Trying to come up with ideas on what to print with my new MSLA printer. I stated before, number one plan is for printing castable items. That is top of the list. I have not yet accepted the reality… well, yes, I have… that the good castable resin costs about $300 per liter. Standard resins are in the $50/liter range.
It’s just hard to imagine paying out that much for jewelry making. Because I charge far too little for my custom work. Pricing an items’ value is only semi relevant to the cost of the metal such as silver. Gold is a different story. The real cost is ALL the materials consumed in casting and the extreme amount of labor for a hand finished piece.
I have no issue with passing through the cost of production. However, I subsidize myself immensely, as many of my designs are given away as presents by both my spouse and me. That’s not an issue. We do it because we want to. My craft hobby is not intended to put bread on the table.
But recovering materials cost helps keep the hobby going. There is also overhead keeping the books and paying taxes. KautzCraft Studio is a registered business in Texas.
Back to Printing
What this all implies is the product (the jewelry) must be of the highest quality I can produce. If the use of high cost and quality resin is necessary, then it is just a part of the production costs. The finial sell-price and value must be somewhere above the cost of creation.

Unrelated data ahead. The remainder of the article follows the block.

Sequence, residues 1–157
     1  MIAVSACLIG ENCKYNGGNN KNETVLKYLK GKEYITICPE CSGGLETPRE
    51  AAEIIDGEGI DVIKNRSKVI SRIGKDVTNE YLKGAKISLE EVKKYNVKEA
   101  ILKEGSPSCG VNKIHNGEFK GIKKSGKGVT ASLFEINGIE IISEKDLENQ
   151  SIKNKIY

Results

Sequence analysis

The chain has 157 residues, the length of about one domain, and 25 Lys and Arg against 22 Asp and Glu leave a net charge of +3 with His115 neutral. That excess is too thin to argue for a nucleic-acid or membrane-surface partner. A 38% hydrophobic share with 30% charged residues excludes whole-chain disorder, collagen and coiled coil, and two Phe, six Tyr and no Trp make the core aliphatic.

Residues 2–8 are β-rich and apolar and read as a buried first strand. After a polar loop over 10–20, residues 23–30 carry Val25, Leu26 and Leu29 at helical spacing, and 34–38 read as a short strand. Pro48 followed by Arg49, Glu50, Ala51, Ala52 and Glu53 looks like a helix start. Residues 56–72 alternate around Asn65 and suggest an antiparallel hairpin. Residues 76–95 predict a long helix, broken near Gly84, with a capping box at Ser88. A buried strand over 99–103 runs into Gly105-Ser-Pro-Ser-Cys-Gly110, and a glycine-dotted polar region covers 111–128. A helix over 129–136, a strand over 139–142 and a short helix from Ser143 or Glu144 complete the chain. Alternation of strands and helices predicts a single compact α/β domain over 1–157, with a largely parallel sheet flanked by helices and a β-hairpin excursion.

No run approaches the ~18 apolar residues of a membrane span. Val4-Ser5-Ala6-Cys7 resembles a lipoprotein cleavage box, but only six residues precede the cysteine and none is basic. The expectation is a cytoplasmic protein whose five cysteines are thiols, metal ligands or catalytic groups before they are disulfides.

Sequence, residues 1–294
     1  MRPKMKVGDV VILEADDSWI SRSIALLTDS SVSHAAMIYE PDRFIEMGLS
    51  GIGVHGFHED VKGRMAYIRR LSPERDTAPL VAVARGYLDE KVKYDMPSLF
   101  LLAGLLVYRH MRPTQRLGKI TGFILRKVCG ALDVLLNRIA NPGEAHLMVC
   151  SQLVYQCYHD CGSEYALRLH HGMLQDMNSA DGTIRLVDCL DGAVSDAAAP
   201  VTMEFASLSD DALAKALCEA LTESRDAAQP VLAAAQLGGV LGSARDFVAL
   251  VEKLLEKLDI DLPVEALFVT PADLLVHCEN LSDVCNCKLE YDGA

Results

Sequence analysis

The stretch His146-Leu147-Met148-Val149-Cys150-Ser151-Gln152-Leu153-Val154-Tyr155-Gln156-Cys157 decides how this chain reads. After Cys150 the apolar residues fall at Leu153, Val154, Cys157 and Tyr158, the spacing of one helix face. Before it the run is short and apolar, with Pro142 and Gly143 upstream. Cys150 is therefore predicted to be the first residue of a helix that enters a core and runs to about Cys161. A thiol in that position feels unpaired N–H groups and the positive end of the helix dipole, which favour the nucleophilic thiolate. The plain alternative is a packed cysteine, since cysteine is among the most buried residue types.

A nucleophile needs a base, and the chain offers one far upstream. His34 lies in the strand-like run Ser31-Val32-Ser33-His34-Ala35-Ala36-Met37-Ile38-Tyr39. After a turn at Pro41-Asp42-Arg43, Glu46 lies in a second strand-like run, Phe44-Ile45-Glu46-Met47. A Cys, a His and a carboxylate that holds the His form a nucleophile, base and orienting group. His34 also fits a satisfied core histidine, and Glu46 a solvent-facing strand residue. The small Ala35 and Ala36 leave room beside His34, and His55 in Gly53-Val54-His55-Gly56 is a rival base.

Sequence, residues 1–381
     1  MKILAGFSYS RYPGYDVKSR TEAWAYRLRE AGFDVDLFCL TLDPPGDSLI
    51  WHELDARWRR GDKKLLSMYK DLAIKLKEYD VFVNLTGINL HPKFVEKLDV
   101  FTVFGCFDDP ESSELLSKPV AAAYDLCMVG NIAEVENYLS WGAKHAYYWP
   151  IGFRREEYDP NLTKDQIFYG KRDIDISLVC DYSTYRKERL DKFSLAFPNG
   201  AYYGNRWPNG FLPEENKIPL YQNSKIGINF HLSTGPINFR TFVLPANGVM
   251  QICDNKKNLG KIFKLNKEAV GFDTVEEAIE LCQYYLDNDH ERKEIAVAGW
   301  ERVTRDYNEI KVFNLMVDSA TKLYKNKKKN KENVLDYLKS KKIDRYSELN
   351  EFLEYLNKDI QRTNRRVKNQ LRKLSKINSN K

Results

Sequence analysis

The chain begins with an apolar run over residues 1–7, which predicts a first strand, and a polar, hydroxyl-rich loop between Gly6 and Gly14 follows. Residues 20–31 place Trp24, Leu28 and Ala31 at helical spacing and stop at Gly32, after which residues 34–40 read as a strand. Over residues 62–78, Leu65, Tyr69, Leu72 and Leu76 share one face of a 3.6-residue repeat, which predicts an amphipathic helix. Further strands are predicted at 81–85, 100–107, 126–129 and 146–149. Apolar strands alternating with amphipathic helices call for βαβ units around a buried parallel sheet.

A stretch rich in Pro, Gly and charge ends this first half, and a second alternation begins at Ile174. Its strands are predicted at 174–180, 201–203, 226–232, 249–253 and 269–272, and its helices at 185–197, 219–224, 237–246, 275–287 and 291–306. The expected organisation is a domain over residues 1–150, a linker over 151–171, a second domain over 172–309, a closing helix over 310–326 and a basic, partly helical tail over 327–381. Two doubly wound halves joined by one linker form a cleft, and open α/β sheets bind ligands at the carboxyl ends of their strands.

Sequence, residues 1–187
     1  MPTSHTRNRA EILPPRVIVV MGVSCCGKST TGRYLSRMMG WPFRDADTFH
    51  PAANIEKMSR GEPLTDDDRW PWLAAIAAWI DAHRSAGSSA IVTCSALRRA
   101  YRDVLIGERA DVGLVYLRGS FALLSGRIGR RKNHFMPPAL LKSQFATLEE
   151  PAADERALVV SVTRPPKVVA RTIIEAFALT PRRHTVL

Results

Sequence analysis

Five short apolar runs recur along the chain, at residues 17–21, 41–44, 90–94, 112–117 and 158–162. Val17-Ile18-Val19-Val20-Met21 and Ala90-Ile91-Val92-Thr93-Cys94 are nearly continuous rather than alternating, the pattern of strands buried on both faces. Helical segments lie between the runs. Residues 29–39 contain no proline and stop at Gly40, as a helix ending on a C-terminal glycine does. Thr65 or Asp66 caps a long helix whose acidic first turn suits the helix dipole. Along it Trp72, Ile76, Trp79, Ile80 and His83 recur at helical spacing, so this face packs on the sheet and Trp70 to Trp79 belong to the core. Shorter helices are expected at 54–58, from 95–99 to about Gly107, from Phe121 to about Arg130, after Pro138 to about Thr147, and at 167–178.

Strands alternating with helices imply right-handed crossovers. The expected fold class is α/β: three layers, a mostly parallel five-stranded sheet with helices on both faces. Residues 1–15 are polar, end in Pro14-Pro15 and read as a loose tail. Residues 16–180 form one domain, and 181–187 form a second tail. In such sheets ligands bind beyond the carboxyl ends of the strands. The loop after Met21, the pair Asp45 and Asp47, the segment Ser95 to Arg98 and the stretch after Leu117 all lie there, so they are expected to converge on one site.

The MSLA resin printer can produce acceptable jewelry quality (smooth) master models for casting. Lest expensive resins also print well. My issues with lower cost casting resins are with obtaining a clean burnoutof the investment in the kiln. With all the pre-work required before casting, anything lower than a 99% casting yield is not acceptable. I am very close to that expectation when doing lost WAX casting. Wax is figuratively the “gold” standard.
I have a good supply of non-castable resins. I will continue designing items not intended for casting. The type of non-castable resins I have are primarily suited for on the shelf “display” prints. Unsuitable for real world structural applications. Stuff I usually call display “Junque” as it is more suitable for looking at than real durable use.
The resin printing items in the previous post are examples of display only Junque.
A complete set of detailed chess board pieces would be a good example of light to medium duty resin printed objects. One step above fragile display only Junque. There are good uses for MSLA resin printed items. Specialty resins are available for producing strong and durable prints. It is all the makers options of material choice. One size (resin) does not fit all needs.
Also considering awards and tokens. Things cast of metal are far higher intrinsic value than the plastic original model of the same item.
My thinking is that a 3D printed item can be utilized as the master model in a quality casting, produced by the lost (wax/resin) process. I see 3D printed item used as an intermediate step rather than the finished product.